I think that this is a great metaphor for the church in Corinth! You would think that the church there of all places would have its great ministries going on. Do not look too close. Corinth is not what it appears at first to be.

 

            A little bit more context is needed in regards to what Paul is asking from the church in Corinth, too. You see, Paul was on a fundraising trip. He was not raising money for himself by the way. He is raising funds to help the struggling Christians in Jerusalem. He is going to make beneficence to the mother church that is in trouble financially. Since Corinth is the wealthiest church and Jerusalem is perhaps by this time the poorest church, Paul is thinking that it is only right that Christians should help one another financially. Shouldn’t wealthy churches help the poorer churches? That seems reasonable.

            I am going to espouse a bit of prophecy here in my sermon about our own churches here in Hawaii. At the Aha Pai Aina this year, our churches statewide will engage a process of creating a new strategic plan for our churches. Some of you will probably recall that about ten years ago the same thing happened, and we ended up with the “New Creation Initiative” in our conference of churches. It is my understanding that over a million dollars was spent to conjure up this strategy. In the end the booklet that was created was filed under “N” in all of our respective church offices: “N” for “NOPE.”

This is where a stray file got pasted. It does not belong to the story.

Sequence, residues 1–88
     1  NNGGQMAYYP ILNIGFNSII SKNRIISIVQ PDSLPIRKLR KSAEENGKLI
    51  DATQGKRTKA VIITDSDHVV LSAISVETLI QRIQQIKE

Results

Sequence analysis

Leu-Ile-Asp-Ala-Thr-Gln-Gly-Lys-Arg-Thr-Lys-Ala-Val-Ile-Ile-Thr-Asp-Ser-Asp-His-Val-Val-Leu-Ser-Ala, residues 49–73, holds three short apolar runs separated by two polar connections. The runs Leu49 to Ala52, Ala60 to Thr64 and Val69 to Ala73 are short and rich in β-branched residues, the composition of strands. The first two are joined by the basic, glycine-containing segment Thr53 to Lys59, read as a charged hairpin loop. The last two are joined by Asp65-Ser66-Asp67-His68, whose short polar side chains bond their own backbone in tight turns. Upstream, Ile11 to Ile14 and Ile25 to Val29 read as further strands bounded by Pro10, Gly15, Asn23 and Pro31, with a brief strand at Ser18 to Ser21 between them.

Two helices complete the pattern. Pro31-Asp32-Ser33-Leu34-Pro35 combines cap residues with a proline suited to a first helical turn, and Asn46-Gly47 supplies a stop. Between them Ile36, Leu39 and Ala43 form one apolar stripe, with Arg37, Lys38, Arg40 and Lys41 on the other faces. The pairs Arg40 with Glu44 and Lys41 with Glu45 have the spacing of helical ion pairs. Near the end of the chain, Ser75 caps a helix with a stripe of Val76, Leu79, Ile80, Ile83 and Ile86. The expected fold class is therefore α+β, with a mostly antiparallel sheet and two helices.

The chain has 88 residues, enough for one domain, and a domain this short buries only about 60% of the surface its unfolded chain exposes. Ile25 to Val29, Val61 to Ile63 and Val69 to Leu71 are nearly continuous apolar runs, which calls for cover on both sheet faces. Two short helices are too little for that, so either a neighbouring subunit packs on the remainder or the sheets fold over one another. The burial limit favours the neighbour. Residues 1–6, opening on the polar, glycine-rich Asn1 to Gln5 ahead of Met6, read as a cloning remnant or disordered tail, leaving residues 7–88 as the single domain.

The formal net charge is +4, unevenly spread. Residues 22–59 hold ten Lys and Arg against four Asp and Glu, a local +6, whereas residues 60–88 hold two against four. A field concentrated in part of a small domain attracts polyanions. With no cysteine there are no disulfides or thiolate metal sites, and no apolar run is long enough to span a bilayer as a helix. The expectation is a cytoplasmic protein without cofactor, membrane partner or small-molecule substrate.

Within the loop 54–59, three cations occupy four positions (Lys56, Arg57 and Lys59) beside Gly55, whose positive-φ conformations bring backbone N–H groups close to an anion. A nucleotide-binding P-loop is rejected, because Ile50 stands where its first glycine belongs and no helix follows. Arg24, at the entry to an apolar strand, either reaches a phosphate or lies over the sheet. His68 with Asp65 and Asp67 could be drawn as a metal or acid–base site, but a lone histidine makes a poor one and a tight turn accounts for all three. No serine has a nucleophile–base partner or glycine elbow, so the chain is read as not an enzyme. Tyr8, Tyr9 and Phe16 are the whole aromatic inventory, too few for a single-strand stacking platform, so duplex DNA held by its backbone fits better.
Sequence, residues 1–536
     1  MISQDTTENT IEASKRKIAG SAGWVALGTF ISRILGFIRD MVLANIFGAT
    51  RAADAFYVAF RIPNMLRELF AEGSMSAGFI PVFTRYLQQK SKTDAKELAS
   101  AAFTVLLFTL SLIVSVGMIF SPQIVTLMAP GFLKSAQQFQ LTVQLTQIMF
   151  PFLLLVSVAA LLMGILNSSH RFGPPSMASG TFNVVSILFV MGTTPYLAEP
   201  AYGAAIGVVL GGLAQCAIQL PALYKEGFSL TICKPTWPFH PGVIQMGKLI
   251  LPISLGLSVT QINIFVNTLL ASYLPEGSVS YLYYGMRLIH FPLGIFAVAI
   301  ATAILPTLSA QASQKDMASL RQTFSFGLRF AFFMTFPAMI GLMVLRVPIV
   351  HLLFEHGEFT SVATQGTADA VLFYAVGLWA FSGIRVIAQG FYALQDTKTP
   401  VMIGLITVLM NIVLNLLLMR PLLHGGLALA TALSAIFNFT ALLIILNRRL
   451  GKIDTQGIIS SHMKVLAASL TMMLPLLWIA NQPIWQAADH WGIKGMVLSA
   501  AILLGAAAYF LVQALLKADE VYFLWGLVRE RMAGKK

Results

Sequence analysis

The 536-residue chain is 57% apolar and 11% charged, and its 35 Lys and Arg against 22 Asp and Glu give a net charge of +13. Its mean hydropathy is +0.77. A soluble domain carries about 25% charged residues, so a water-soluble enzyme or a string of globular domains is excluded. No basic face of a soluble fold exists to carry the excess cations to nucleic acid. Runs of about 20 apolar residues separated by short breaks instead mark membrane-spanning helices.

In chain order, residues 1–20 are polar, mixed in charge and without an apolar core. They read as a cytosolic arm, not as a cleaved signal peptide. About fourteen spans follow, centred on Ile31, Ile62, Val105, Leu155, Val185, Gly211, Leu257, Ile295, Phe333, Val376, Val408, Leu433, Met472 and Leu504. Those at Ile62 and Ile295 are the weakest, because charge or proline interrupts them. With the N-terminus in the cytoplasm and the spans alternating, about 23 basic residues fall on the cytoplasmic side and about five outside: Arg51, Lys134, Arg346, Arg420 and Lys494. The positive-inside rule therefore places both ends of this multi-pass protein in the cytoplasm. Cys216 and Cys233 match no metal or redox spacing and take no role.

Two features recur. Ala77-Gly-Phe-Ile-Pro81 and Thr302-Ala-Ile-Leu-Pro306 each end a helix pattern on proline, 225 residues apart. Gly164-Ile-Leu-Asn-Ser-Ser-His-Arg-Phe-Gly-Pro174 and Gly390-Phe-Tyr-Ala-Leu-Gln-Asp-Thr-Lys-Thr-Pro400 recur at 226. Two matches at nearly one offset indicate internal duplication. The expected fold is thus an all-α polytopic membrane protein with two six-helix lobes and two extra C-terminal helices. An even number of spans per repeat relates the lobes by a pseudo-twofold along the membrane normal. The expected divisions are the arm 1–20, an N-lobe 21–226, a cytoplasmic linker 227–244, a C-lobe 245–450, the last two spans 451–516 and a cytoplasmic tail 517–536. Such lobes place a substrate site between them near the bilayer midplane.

Here’s the prophecy: the real issue among our churches is that we have very wealthy churches and very poor churches. Above them both we have a very wealthy Conference Foundation. Should we not be doing as a conference what Paul was attempting to do? Should we not be helping our poorer congregations?

            At the last regular Kauai Association meeting, Inok Lautej of the Waimea Marshallese Church actually stood up and addressed this very issue. He asked Al Oliver, who was being highly paid as a consultant from the mainland to evaluate our churches, why it was that his Marshallese congregation received no help from any other church. He then pointed out that only the Waimea United Church of Christ has ever helped them in anyway. That embarrassed me when he said that! But, he hit the nail on the head of what is actually wrong! We are out of balance.